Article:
The Hawick Common-Riding is the first of the Border Common Ridings and celebrates both the capture of an English Flag in 1514 by the youth of Hawick at a place called Hornshole and the ancient custom of riding the marches or boundaries of the common land.
The Cornet for the year is elected at the beginning of May, well in advance of the Common Riding proper, when the Provost’s Council, on the recommendation of the two previous Cornets (called the Right and Left-Hand Men) invites a young man to act as Cornet. The Halberdier, accompanied by the Drum and Fife Band, carries an official letter of invitation to the nominated Cornet. Invitation accepted, the Officer is rewarded with a new “shilling” and asked to carry the Cornet’s letter of acceptance back to the waiting Council. Afterwards the Cornet with his two predecessors walk round the older parts of the town before attending a congratulatory Smoker. From then until the Common Riding is over the Cornet is an honoured figure in Hawick. The first recorded Cornet was in 1703 and other than the World Wars there has been an unbroken line to the present day.
In the weeks preceding the actual Common-Riding, on each Saturday and Tuesday, the Cornet and his supporters are out on their ride-outs in the course of which they visit surrounding villages and farms. The main ride-out, however, usually two weeks before the Common-Riding weekend, is the twenty-four mile ride to Mosspaul and back.
While returning from the rideout on the Saturday before the Common-Riding the principals visit the Hornshole Lest We Forget Memorial to salute the memory of the youth of 1514.
On the Thursday evening of the week preceding the Common-Riding, the first of the Cornet’s Chases takes place up a hill called the Nipknowes on the way to St. Leonards Farm where a local caterer is asked to prepare the customary dish of “curds and cream” in readiness as a refreshment during the actual riding of the marches. This marks the end of the preliminary procedure.
The Common-Riding proper takes place in June on a Friday and Saturday. It had been the invariable practice to hold the riding of the marches on the last Friday in May, but the adoption by this country of the Gregorian Calendar, which removed eleven days from the year, forced the festival into June.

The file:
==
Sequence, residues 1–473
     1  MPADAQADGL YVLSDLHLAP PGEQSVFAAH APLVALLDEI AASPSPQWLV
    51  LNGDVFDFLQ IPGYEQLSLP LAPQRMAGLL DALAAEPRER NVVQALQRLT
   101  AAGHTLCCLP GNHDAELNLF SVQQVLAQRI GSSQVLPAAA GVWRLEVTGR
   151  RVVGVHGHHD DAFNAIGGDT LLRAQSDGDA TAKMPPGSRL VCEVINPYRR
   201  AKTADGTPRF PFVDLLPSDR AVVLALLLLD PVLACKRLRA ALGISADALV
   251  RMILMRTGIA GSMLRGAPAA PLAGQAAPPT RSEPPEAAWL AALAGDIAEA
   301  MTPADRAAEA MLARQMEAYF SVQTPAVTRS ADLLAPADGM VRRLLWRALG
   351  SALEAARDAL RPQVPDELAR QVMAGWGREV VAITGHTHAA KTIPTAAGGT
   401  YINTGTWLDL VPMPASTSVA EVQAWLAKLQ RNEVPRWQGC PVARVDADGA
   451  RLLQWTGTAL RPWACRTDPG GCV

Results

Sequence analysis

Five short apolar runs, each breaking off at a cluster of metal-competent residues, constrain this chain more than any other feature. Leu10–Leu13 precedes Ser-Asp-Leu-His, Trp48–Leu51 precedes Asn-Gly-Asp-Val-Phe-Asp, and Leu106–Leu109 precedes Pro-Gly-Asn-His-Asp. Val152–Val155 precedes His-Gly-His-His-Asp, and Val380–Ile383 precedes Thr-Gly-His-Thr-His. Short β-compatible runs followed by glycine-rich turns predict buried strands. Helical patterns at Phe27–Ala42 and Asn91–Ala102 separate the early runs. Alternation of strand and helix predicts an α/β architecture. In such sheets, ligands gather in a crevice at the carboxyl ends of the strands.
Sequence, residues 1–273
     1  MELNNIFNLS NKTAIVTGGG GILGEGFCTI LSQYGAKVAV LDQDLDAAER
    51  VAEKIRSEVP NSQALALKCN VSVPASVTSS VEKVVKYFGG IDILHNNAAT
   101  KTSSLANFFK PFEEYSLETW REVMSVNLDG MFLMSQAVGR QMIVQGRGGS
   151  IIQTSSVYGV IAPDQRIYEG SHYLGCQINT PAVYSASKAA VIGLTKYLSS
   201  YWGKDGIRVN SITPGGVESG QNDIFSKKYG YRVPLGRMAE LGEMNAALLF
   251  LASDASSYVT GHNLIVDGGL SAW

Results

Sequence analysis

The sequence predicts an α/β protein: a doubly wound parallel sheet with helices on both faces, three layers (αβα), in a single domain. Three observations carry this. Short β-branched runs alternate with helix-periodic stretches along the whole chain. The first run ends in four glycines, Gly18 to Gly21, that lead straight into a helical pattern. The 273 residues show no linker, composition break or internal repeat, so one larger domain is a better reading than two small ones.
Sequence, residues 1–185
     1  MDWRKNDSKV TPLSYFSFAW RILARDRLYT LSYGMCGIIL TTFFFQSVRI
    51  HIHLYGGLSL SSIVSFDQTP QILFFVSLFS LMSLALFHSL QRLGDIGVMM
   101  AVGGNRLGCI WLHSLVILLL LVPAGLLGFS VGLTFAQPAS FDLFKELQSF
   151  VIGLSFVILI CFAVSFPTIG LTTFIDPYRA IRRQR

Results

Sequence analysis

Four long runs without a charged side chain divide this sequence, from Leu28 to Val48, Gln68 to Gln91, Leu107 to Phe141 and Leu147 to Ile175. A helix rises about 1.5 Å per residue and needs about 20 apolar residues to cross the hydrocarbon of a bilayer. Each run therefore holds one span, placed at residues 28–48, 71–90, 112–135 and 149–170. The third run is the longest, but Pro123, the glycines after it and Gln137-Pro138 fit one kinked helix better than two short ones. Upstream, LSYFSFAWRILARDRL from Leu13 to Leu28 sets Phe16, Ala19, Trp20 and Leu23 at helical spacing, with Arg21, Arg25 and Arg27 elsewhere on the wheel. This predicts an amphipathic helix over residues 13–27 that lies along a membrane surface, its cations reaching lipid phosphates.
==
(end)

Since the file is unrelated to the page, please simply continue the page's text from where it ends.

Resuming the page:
This important week begins on the Sunday with the Kirkin’ o’ the Cornet during a service in the church of which he is a member. This is preceded by the Cornet’s Church Parade in which the principals, together with the followers, walk from the Council Chambers to the church.
In the afternoon the Cornet’s Lass with the Lasses of the two previous Cornets travel to the Hornshole Memorial and lay a wreath.
Following Chases on the Monday, Tuesday and Wednesday mornings of Common-Riding week the second major Chase takes place on the Thursday morning when the Cornet carries the unbussed Flag for the first time. After breakfast the Principals visit the local schools where, after a rapturous welcome, the Cornet requests the Head Teacher to proclaim a holiday for the rest of the day and the next. This is of course granted and the children and assembled parents join with the riders in singing the festival songs.
During Common-Riding Week large numbers of “exiled Teries” return to their home town from all over the world to join in the festivities and renew old friendships. To mark the occasion the Council hold a reception where they are officially welcomed by the Provost and the Cornet and are entertained.
One of the most impressive and colourful of all the festival ceremonies, the Colour Bussing, takes place on the Thursday evening in the Town Hall. The Provost and Magistrates are played into a packed Hall by the Drum and Fife Band. Then come the Lasses with the Maids of Honour. The Cornet’s Lass carries the Flag to the front of the Hall. She mounts the platform with her attendants and “busses” the Flag by tying ribbons of blue and gold to the head of the staff. This is symbolic of the days when women, as a sign of affection, bedecked their loved ones before going off to battle. The Lass then hands the Flag to the Provost.
The Cornet with the Right and Left-Hand Men, who have been guarded by halberdiers in 18th century dress, now come forward. The Provost, after congratulating the Lass, passes the Flag into the Cornet’s keeping, reminding him that it is “the embodiment of all the traditions that are our glorious heritage”. The Cornet is charged to ride the marches of the commonty of Hawick according to ancient custom and return the Flag “unsullied and unstained” at the conclusion of the ceremonies. There follows an oration by a distinguished guest and song-singing.
Immediately following the Colour Bussing the Halberdier appears on the balcony of the Town Hall and reads to the crowds below the Proclamation calling on the burgesses to “ride the meiths and marches of the commonty”.
Then begins the Cornet’s Walk round the town with his supporters, preceded by the Saxhorn and Drum and Fife Bands. He first makes his way along the main street to the “Horse” where he busses the flag of the equestrian statue commemorating Hornshole, as a tribute to his centuries old predecessor, in front of dense, enthusiastic crowds.